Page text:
For a director with such a particularly cute style, it’s always a surprise that Wes Anderson’s films aren’t more annoying. The Grand Budapest Hotel is as Wes Andersonnerally imagined as he has managed so far, with every frame resembling the charming components of a never-ending dollhouse. Ralph Fiennes is delightful as a hotel concierge who has a liking for the older female guests, only for one to die in strange circumstances, kickstarting a surreal adventures with the hotel’s lobby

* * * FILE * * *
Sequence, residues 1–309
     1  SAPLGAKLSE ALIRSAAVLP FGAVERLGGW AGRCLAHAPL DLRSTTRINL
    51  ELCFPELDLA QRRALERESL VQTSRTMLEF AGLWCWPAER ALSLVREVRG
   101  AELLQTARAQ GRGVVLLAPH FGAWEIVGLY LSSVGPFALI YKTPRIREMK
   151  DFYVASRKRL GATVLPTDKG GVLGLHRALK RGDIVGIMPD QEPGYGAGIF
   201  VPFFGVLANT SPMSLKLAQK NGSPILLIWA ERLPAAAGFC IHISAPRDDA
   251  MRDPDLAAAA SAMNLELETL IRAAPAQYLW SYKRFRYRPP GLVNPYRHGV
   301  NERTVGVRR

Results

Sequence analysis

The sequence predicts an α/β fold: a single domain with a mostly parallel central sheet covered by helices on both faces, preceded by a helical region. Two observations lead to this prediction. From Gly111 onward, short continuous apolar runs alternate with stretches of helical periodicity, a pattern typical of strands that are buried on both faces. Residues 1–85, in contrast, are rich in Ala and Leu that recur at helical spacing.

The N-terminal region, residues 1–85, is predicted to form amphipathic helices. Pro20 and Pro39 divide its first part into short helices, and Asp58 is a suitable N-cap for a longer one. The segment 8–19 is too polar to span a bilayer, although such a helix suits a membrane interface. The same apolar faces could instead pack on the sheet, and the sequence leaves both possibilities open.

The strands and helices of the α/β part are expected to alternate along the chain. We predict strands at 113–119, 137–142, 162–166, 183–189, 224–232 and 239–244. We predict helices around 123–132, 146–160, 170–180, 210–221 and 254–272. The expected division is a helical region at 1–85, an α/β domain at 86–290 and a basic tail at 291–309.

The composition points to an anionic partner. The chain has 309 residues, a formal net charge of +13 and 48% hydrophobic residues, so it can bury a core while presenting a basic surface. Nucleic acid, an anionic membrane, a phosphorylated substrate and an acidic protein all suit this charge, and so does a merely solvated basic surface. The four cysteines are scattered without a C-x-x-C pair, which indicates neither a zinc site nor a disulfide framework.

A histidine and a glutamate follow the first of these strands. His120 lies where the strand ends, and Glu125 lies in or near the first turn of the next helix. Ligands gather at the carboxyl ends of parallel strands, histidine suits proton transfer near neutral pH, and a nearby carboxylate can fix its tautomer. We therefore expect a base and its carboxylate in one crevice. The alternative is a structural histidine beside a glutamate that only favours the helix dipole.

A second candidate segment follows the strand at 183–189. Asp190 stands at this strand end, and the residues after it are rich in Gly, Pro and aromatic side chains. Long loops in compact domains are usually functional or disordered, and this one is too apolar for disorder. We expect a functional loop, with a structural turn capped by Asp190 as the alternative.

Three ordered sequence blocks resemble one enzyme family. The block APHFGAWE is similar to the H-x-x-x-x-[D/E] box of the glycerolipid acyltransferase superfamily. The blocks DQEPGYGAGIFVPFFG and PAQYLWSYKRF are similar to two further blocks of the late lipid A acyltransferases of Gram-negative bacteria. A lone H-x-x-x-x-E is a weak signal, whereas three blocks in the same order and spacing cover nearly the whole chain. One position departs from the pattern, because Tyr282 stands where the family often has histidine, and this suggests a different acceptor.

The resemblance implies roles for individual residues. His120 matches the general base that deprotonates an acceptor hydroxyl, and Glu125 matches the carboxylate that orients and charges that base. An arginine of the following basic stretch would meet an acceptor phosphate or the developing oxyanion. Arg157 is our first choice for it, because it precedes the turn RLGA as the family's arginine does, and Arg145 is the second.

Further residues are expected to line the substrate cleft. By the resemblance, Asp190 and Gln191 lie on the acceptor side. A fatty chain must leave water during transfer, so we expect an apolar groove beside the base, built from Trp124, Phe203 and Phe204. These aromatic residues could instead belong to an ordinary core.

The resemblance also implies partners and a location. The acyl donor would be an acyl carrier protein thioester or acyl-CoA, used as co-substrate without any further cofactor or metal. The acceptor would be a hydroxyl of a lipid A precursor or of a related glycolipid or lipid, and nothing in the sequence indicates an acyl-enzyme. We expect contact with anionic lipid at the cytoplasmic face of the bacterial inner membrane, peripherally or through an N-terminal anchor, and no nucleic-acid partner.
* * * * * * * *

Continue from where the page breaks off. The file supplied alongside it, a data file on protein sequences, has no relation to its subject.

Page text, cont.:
boy, Zero (Tony Revolori). Whilst every frame of the film is enchanting, it isn’t as funny as Anderson’s previous film Moonrise Kingdom, which contained the most memorable, sincere and dreamy tone of childhood. Grand Budapest is full of pretty snippets and silly plot details but none which will last much longer than the film’s duration, in fact I thought there were many moments for physical comedy which weren’t always fully realised. Nevertheless, what will last long after the credits is this amazingly imagined, beautiful world which is completely enchanting and while I don’t believe it’s Anderson’s best work, his imagination is unparalleled. Who wouldn’t want to share his dreams?
The Grand Budapest Hotel is out now. Running time 99 mins. Certificate 15 (UK).